Friday, 11 April 2014
The text messages of their day. Here's more from The Woman's Own Book of the Home, 1932.Much of the formality connected with calling and card-leaving disappeared when the Great War changed many conditions of social life and etiquette, and the younger generation especially has to a great extent gaily dispensed with such conventional customs, but in some circles the acknowledged etiquette of calling and leaving cards is still followed, so it is well to know the rules.
A lady's visiting card should be printed in quite plain lettering from a plate. It is much the same size, or very little larger, than those used by gentlemen. Ornamental or old English lettering is at present out of date but a high-class stationer will always advise as to the correct vogue of the moment.
A widow should have her visiting card printed the same as during her husband's lifetime, not use her own Christian name before the surname.
Unmarried girls of the present day have their own social circle and use their own visiting cards when, not accompanied by their mother, they call upon friends, leaving one card in the hall at the conclusion of the first visit. Afterwards it is not necessary unless the friend is not at home when they would merely leave a card.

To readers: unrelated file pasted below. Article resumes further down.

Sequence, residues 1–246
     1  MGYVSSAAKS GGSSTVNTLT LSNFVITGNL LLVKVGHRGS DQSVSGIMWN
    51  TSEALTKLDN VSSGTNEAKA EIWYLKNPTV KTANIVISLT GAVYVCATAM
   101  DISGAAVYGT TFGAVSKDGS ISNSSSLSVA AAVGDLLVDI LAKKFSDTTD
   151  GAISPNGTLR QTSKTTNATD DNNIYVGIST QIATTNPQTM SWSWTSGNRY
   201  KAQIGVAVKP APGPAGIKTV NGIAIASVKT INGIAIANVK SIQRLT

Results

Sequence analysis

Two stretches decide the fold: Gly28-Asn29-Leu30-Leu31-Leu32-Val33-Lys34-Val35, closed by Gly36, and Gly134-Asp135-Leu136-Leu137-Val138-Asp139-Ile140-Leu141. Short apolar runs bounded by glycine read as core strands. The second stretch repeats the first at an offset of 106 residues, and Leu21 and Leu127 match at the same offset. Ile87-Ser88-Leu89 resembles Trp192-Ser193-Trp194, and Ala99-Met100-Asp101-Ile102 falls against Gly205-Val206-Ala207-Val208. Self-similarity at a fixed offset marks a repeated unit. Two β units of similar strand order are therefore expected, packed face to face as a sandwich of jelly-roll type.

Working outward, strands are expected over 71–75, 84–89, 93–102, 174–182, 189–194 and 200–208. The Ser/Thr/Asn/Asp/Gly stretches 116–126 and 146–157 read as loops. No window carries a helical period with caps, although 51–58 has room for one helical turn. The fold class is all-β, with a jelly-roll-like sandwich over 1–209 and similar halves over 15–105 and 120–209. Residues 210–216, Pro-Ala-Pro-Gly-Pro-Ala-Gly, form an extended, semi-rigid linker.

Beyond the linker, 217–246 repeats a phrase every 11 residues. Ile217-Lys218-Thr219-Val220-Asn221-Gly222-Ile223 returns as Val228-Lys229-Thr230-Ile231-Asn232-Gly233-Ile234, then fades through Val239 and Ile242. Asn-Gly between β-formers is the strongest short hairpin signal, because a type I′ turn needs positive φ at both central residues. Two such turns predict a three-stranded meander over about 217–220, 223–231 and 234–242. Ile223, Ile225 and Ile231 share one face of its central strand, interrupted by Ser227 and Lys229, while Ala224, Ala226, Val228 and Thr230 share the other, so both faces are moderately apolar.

Unmarried daughters calling with their mother do not use their own cards. Their names may be either written or engraved on the mother's card, beneath her name. A married or widowed daughter living with her parents acts independently, following the respective rules for wives and widows.
When a girl visiting away from home calls upon any friend who is unknown to her hostess, she either uses her own card or one of her mother's, which also bears her own name, in the latter case drawing a line through her mother's name.
An unmarried girl staying with a friend and paying calls with her hostess upon the latter's friends has her name written in beneath that of her hostess instead of using her own cards.
Cards left upon friends staying at an hotel or boardinghouse may have the name of the person for whom they are intended pencilled upon them to avoid any mistakes in delivery, but this should never be done when they are left at a private residence.
To be continued....